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TK's MORNING BUZZ: The Theme of This Year's East Coast Video Show is 'Survival'

26 Sep, 2000 By: Thomas K. Arnold

Thomas K. Arnold with Avalanche Home Entertainment's John Nucifora last night at the Tun Tavern pre-show opening party.

ATLANTIC CITY, N.J.—The theme of this year’s East Coast Video Show is "survival," and the retailers who began rolling into this rain-soaked seacoast town last night truly epitomize the word.

Ellen Enke, a veteran show-goer who owns Mrs. Hudson’s Video Library in the heart of Greenwich Village, told me her key to staying in business is knowing her clientele inside and out and buying accordingly. She takes particular pride in feeding her eclectic customers British series, and getting them hooked with episode one so that they come in night after night until they’ve seen them all. "The longer the series, the better," Enke told me last night over a beer at the Tun Tavern, the site of the show’s annual pre-opening mingler.

Also at the Tun Tavern was Ray Jewell, the feisty Texan who launched the "Red Hat Brigade" to protect video windows. Jewell grumbled about how weak titles had kept revenues at his five stores well below last year’s levels, but vowed to keep up the fight, passing out caps throughout the pub and, the next morning, at the show’s Opening Business Session.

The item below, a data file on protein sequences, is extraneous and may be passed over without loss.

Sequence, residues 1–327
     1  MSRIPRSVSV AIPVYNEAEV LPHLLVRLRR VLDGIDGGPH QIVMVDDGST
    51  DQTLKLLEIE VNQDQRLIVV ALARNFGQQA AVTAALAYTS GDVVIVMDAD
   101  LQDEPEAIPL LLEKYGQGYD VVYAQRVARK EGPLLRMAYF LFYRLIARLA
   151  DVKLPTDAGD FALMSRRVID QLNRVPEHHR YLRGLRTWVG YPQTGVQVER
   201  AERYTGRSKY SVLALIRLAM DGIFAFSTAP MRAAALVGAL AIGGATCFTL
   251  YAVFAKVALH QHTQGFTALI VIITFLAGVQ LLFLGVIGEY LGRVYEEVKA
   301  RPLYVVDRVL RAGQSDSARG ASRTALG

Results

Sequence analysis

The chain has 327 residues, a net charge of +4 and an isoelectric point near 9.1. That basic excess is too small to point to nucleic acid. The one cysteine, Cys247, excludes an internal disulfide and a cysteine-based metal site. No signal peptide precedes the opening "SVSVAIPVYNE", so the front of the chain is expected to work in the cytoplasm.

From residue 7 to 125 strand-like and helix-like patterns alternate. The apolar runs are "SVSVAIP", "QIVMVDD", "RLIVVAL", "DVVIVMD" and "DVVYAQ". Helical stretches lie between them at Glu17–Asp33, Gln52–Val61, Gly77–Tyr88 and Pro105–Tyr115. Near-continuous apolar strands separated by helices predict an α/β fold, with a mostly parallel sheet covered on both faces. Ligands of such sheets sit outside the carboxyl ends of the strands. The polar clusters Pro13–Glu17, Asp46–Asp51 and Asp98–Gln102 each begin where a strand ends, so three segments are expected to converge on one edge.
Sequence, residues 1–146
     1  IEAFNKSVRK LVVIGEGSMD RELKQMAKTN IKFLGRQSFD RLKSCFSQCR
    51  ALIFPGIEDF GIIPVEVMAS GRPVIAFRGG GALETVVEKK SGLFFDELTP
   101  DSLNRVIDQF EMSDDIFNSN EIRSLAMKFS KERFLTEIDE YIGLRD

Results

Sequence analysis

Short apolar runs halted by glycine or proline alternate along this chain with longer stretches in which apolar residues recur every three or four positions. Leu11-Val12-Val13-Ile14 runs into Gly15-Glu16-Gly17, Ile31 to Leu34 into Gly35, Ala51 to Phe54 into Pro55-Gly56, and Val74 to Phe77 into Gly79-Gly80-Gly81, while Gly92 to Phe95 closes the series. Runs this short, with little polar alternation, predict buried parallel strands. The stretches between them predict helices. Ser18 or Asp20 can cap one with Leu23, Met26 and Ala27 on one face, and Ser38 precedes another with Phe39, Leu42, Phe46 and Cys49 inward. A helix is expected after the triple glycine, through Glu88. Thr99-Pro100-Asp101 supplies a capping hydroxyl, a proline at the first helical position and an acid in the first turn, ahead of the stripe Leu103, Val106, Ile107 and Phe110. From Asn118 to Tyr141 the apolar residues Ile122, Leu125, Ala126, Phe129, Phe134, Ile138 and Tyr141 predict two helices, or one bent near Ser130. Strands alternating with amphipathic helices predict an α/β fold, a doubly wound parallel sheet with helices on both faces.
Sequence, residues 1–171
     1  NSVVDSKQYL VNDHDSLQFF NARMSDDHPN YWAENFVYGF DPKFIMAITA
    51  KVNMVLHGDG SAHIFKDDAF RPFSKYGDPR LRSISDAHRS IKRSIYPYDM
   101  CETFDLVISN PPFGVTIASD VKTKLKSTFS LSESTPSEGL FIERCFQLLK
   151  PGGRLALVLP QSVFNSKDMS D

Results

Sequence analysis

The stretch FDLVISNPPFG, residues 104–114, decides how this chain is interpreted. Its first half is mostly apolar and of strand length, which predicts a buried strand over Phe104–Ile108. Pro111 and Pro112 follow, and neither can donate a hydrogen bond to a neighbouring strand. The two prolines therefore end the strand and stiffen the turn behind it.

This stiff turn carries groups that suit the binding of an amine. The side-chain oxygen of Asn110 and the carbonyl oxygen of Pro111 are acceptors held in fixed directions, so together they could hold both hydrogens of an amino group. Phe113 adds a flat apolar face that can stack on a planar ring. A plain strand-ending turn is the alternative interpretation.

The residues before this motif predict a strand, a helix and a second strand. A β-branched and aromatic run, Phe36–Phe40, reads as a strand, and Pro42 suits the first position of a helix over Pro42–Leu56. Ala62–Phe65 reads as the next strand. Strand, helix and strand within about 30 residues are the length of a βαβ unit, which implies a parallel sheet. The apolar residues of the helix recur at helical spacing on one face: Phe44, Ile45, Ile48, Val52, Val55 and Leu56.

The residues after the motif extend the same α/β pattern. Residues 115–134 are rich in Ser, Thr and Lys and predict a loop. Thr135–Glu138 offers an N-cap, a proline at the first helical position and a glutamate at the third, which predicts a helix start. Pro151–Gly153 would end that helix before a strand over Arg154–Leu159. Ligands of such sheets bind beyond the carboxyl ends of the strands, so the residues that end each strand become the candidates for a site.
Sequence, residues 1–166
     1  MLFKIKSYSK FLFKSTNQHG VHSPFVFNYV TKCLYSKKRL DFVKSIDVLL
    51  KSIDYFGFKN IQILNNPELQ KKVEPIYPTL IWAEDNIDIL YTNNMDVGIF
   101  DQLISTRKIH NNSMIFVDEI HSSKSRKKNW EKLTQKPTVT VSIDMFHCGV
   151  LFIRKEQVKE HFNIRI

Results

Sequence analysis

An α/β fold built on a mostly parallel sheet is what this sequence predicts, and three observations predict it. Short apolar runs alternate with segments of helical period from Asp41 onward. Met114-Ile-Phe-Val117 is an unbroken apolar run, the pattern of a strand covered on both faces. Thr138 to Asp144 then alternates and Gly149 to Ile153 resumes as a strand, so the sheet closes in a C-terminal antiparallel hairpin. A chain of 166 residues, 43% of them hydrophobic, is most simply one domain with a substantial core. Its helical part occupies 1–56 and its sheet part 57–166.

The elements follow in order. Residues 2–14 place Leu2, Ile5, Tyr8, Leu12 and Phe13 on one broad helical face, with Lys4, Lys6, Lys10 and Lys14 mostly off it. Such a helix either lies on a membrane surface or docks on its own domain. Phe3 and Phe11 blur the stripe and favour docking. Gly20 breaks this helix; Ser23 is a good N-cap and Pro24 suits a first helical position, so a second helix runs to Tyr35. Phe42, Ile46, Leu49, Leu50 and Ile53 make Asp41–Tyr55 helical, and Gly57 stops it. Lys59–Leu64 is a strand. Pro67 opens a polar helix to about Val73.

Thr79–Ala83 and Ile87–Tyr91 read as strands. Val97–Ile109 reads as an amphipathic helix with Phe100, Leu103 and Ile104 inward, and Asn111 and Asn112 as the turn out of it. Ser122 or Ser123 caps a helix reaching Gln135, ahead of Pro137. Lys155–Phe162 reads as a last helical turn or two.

Mike Becker, owner of New York City’s famed The Video Room, was naturally happy that urbanfetch.com. got out of the video delivery business, his more or less exclusive domain for more than a decade. And yet Becker isn’t relying solely on video, either; he also runs a mobile pet-grooming business.

The survival theme hit its peak this morning at the Opening Business Session. VSDA chairman Tom Warren—wearing a red hat, of course—got things rolling by telling the audience, "I know you are survivors, just like I’m a survivor, and we’re going to be in this business for a long time."

The icing on the cake, though, went to Becker, who followed Warren to the podium and led the crowd in a rousing, if not entirely on key, rendition of Gloria Gaynor’s "I Will Survive," with slightly modified lyrics about not crumbling "to that big store in the sky." "Oh, no, I will survive, as long as there is DVD I know I’ll be alive," Becker and the crowd sang.

And you can tell they meant it.

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